4. Agree, sometimes a neutral perspective is better than heading down the rabbit hole of self loathing and insecurity. Particularly when it comes to our body shape. For years I felt like a bony washboard with no boobs, wishing I was more like my school friends. I received unsolicited comments from strangers about how thin I was, and it hurt. That was a long time ago. Now, I feel comfortable in my skin, as you say. Or at least, on the “bad” days, neutral 🙂 I’ve learned that this is my body type and I gotta love it. I truly do now, and it feels good. Know exactly where you’re coming from!

  5. I love this post and its so refreshing to see so many points of views of thiis issue. I love your blog and i am looking forward to more posts!

  6. I’m a body loving person. I often walk by the mirror and smile. Not sure how I got to that place. Partly deliberate, I suppose. For example, I like my shoulders and when I see them I’m reminded of my physical strength. Certainly as Lady Day notes paying attention to our bodies something women are encouraged to do. But for me it’s connected to sex and sexual pleasure and it’s hard to imagine having that without feeling good about my body.

    And I’m not so enamored of men’s ability to ignore embodiment. Brains in vats! And they sometimes get ill for failing to pay attention to their bodies, ignore obvious signs of illness, and don’t visit doctors often enough.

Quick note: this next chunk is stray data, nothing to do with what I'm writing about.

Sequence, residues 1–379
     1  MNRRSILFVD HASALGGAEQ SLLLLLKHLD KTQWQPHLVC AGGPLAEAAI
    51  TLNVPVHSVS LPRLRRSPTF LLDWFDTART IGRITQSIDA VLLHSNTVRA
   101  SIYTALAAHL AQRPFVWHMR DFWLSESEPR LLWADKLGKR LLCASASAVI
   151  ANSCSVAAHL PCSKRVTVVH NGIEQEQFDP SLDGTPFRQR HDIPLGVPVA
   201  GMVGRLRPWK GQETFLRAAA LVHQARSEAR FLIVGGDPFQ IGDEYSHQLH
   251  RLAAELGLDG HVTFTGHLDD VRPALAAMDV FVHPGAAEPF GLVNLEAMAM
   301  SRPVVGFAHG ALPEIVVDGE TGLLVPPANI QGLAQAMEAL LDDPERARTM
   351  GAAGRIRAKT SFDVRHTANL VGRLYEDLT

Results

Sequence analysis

This made me think. Neutrality, even for me, has its place. It’s what I aim for with bits of my body I am given to not liking so much, baby belly and stretch marks for example. There I focus on the story my body tells, the history, rather than appearance alone. I haven’t thought of that as neutral so much as it is looking for a different sort of meaning. But I can see the connection between acceptance and neutrality.

    Still mulling.

    1. Interesting. I think the link with sex and sexual pleasure is a great point. But in my view, the main obstacle to that (in terms of body-thoughts) would be self-loathing. As long as we’re comfortable in our skin and not self-conscious, that should be enough to enable being totally present for the experience. No need to be totally in love with our body to have good sex. At least that’s what I’ve found — best times are those when there were no meta-body thoughts of any kind.

  7. Yeah, I need more than not self-loathing! But since I’m capable of more than not self-loathing, that’s good. If self-loathing were a go-to thing for me, I’d be jumping fast on the neutrality train.

  8. And I’ve always heard “Have a day” as kind of like “Don’t die.” Of course I’m going to have a day! What I wish for those I care about is for them to have a good day. But we have different linguistics intuitions. I’m recalling our “it is what it is” disagreement in which I hear political apathy and you hear neutrality and acceptance of the facts. You hear “it is what it is now what do we do” and I hear “it is what it is so I don’t have do anything.”

    I’ve missed you!

    Welcome back from holidays!